Joint Ministerial Committee

How to improve governance in an ever looser union

Published: 17 March 2015
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Since 1999 and the devolution of power to different regions, it has been important for the four UK administrations to work together and coordinate policies. The main political forum for this is the Joint Ministerial Committee. In this article, Robyn Munro and Akash Paun set out some of the issues with the JMC and suggest how it can be reformed. This blog originally appeared on LSE British Politics and Policy.

Effective government depends on the ability of the UK and the three devolved governments to work together. Good relations between the four UK administrations allow disputes to be settled, policies coordinated and implemented, and lessons shared. Much intergovernmental cooperation in the UK happens at an official level. But ministerial relationships also matter, particularly at a time when each of the four governments has a different political composition and tensions are common across a range of areas.

The main forum for intergovernmental relations at a political level is the Joint Ministerial Committee (JMC), which brings together ministers from all four UK administrations. In recognition of the fact that ‘the constitutional landscape has changed fundamentally’ since 1999, in December 2014 the UK Government announced a review of intergovernmental working arrangements, including the Joint Ministerial Committee (JMC). In our recently published report, the Institute for Government sets out some of the challenges facing the JMC, and suggests how it might be reformed.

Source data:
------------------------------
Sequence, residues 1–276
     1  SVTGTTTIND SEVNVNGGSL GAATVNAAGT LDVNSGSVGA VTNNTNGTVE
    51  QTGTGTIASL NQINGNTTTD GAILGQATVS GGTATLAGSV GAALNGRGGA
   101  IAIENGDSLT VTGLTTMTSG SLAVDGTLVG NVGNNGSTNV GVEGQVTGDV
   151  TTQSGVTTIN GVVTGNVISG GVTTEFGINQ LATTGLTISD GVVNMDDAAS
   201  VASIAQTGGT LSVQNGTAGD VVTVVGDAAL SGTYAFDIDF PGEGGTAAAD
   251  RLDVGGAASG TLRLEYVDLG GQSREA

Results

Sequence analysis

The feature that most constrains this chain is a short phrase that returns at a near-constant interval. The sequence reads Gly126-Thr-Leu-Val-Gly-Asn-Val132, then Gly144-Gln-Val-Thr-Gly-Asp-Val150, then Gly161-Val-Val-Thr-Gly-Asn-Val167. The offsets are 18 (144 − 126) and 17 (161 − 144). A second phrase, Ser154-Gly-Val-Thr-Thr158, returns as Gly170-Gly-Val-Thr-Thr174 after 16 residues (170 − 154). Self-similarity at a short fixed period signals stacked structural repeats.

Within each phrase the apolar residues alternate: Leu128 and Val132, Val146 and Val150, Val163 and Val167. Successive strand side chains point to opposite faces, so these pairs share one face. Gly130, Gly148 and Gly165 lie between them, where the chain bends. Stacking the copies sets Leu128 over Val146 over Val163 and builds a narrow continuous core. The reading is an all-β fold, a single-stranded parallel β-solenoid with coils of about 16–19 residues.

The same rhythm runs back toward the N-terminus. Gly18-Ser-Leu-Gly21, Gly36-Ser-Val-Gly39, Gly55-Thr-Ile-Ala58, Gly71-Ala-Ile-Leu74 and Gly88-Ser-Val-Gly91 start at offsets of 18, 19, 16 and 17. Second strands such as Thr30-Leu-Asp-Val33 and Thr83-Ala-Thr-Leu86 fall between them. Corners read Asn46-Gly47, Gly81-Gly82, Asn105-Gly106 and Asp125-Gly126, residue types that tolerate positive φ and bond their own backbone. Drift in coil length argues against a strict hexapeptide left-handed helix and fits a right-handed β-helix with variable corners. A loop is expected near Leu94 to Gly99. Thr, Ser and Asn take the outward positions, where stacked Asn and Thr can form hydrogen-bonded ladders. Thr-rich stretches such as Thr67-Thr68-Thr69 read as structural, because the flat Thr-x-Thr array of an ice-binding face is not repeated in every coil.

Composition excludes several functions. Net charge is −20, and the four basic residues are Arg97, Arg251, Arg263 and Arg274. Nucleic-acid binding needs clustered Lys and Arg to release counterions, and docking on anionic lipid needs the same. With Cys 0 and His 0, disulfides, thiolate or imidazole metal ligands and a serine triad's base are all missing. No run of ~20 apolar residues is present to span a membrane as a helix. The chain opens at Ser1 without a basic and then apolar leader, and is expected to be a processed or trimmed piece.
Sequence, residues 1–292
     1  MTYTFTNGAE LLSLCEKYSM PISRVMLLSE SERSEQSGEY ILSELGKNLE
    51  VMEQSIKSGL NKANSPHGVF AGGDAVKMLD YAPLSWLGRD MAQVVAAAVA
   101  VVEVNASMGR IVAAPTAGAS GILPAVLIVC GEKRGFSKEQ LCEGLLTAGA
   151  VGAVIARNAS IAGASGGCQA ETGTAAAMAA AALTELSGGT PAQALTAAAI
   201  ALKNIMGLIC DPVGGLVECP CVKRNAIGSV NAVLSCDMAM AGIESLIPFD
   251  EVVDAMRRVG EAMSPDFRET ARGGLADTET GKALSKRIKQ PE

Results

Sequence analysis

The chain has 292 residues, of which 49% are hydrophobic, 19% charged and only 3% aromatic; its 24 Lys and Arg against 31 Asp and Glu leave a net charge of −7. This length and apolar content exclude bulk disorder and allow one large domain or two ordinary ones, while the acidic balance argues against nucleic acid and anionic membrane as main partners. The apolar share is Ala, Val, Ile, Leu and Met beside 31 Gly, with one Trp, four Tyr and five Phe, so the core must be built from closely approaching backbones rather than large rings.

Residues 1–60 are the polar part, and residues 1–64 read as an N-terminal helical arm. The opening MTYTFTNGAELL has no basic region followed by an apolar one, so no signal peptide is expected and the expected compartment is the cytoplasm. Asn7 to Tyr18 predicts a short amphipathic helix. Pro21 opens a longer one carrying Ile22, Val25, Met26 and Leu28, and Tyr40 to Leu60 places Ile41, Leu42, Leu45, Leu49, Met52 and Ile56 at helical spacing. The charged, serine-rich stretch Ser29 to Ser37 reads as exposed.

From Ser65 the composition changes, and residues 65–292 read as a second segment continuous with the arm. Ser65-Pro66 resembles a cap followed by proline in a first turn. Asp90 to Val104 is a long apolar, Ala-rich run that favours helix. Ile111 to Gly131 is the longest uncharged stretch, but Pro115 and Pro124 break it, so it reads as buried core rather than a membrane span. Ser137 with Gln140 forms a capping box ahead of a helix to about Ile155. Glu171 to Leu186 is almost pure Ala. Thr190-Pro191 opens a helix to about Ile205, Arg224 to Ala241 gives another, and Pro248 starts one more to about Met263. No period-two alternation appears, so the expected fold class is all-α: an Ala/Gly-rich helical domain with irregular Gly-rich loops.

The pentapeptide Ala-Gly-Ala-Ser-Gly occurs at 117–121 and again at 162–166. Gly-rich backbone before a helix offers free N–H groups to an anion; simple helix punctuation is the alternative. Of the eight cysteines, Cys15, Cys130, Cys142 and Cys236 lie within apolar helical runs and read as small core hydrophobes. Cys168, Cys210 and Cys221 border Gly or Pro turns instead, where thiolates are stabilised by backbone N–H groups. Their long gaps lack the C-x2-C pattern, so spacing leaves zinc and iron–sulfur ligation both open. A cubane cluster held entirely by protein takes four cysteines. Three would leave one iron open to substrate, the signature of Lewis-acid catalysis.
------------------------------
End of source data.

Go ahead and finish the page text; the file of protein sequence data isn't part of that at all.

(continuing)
The JMC currently meets in three different formats. JMC Plenary, an annual meeting of leaders from each administration; JMC Domestic, where ministers with similar policy responsibilities discuss issues that straddle both devolved and non-devolved policy areas, and JMC Europe, at which the devolved administrations seek to feed into the UK negotiating position ahead of European Council meetings. We found that the JMC fulfils a number of important roles. One is purely symbolic: an interviewee argued that it is ‘constitutionally important’ for leaders of all UK administrations to meet in a formal summit setting. But meetings also have a practical value in that they allow issues to be raised at a political level that cannot be resolved by officials alone: we were told that the agreement that the Scottish Government could offset the bedroom tax using Discretionary Housing Payments was begun by discussions at JMC. The meetings also help to develop networks between officials in different administrations, and facilitate lesson-learning and best practice sharing.

The JMC also has a dispute resolution protocol, introduced in 2010. This allows officials and, if necessary, ministers from all administrations to adjudicate on a dispute raised by one administration against another. The protocol has only been invoked a handful of times, on disputes over how spending is allocated to the devolved administrations. Nevertheless, the protocol is seen as useful. A Welsh Government official told us that the threat of escalating the issue to the JMC was useful in encouraging administrations to come to a compromise:

“There have been letters from the Welsh Government which have indicated that ministers would take an issue through the machinery if it cannot be resolved. That has sometimes resulted in a satisfactory response from Whitehall.”